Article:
My family was also 100% supportive. I think anyone going through any type of illness without the support of family would be lost. And, I was really lucky to have had such a great medical team. I am blessed and grateful for them. I also had a mentor through a program at the hospital. It was so helpful to hear from other women who had been through it that I was going to survive, that I was going to go through this but going to be fine. That gave me strength and kept me going through the ups and downs.
I lost all my hair while going through chemo. Little by little it started falling out. I spoke to my mentor and told her I was getting scared. People kept telling me I wasn’t necessarily going to lose it, but it was falling out. My mentor suggested I cut it short so it wouldn’t be such a shock. I told my mom I was going to cut it so I could prepare for anything, and then later that day, when I showered, my hair just came out in my hands. I broke down and started crying. I didn’t see how I was going to be able to do this. I had an overwhelming sense of fear. But my mom said, “This is not the end of the world. You are going to be ok.”
I shaved my head, and that was a complete change—from having a lot of hair to being bald. Then I could wear hats and scarves and wigs, but it took an adjustment. Seeing yourself without hair is hard—hair is so much of your personality.
To help me feel better, my sister took me wig shopping. She said, “You always wanted to be blond. Now you can—buy a blood wig.” I bought a blond wig, and a short black one so I could feel more like myself. I could be blonde on some days and be myself on others. One day I went in for treatment with my blonde hair, and everyone was like, “Yeah, looking good.” But, when you are going through hot flashes wigs are so uncomfortable. I mostly used them for big dinners or family gatherings. The rest of the time, I always felt better being bald, or with a hat and a scarf.
But in addition to the loss of my hair, I’m not going to function as a woman, right? I’m empty there, so what’s going to happen now? At the hospital, they are always bringing in different people to speak to patients, and one came in to talk about being sexually active again. The doctor used to say, “You just have to give it a try, but for me it was hard. I felt so different.
When you first you get the diagnosis, you go through denial and ask, “Why me?” Then the process takes over, the surgery and chemo and all the changes emotionally, physically. Then comes the aftermath. You have to manage yourself back into society, regrow your hair—and it’s not normal when it comes back, which, in some ways, is so indicative of your life.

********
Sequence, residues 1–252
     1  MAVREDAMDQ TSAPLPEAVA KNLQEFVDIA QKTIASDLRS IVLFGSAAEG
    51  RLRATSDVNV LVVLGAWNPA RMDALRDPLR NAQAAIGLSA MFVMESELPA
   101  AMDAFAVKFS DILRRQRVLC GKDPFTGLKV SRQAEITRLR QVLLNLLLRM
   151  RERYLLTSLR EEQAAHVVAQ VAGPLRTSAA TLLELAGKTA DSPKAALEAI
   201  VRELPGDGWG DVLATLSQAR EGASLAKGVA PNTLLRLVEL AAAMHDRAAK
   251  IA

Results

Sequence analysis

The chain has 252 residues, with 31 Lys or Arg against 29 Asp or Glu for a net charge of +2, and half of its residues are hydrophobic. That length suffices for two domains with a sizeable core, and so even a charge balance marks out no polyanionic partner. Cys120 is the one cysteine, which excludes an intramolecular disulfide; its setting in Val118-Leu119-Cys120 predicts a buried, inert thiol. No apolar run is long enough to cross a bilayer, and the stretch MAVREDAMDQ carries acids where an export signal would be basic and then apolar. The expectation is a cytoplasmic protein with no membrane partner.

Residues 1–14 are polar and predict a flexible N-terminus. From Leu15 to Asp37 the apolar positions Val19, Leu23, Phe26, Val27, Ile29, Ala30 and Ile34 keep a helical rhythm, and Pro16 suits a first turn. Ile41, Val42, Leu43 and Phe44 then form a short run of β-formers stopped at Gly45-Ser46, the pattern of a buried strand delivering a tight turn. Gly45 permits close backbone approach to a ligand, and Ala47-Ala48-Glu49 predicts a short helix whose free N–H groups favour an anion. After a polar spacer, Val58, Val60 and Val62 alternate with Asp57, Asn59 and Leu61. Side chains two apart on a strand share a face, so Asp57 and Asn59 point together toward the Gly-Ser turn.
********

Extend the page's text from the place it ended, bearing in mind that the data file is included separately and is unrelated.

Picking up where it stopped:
Emotionally, you go through another change after treatment and all that. Getting back to all your routines again, getting used to your new body, how your body and hair looks. There are different stages of anxiety and emotions. You can’t help but ask, am I going to be normal again? Ok, I don’t have cancer, but can I be normal? You need to reconnect to yourself again. You have to go back to the normal routines of life, but it’s different.
I still get anxious when going in for a test. You never know what it’s going to show, but I tell myself that everything is going to be ok. I used to be anxious about get
ting back to normal, getting a good job, having stable financials again. But now I feel like life is back to normal. I still have to go for checkups every 6 months, but I feel like myself again. I started wor
king a year ago as a passenger assistant at the airport. People see me as normal, but when tell my story, they are in shock. You don’t look like you went through cancer, they say. But it never really leaves you. You always remember, oh yeah, I had cancer.
When you go through something like this, you learn that you are strong and that you will survive. I am proud of myself for getting through it. Every once in a while, I start thinking I have to care for myself more. My life has changed, so I have to be conscious about that too. I don’t let things go too long and am more aware of the need to take care of myself. I don’t want to go through it again. But I don’t go overboard either. I stop and enjoy the coffee, instead of just drinking it.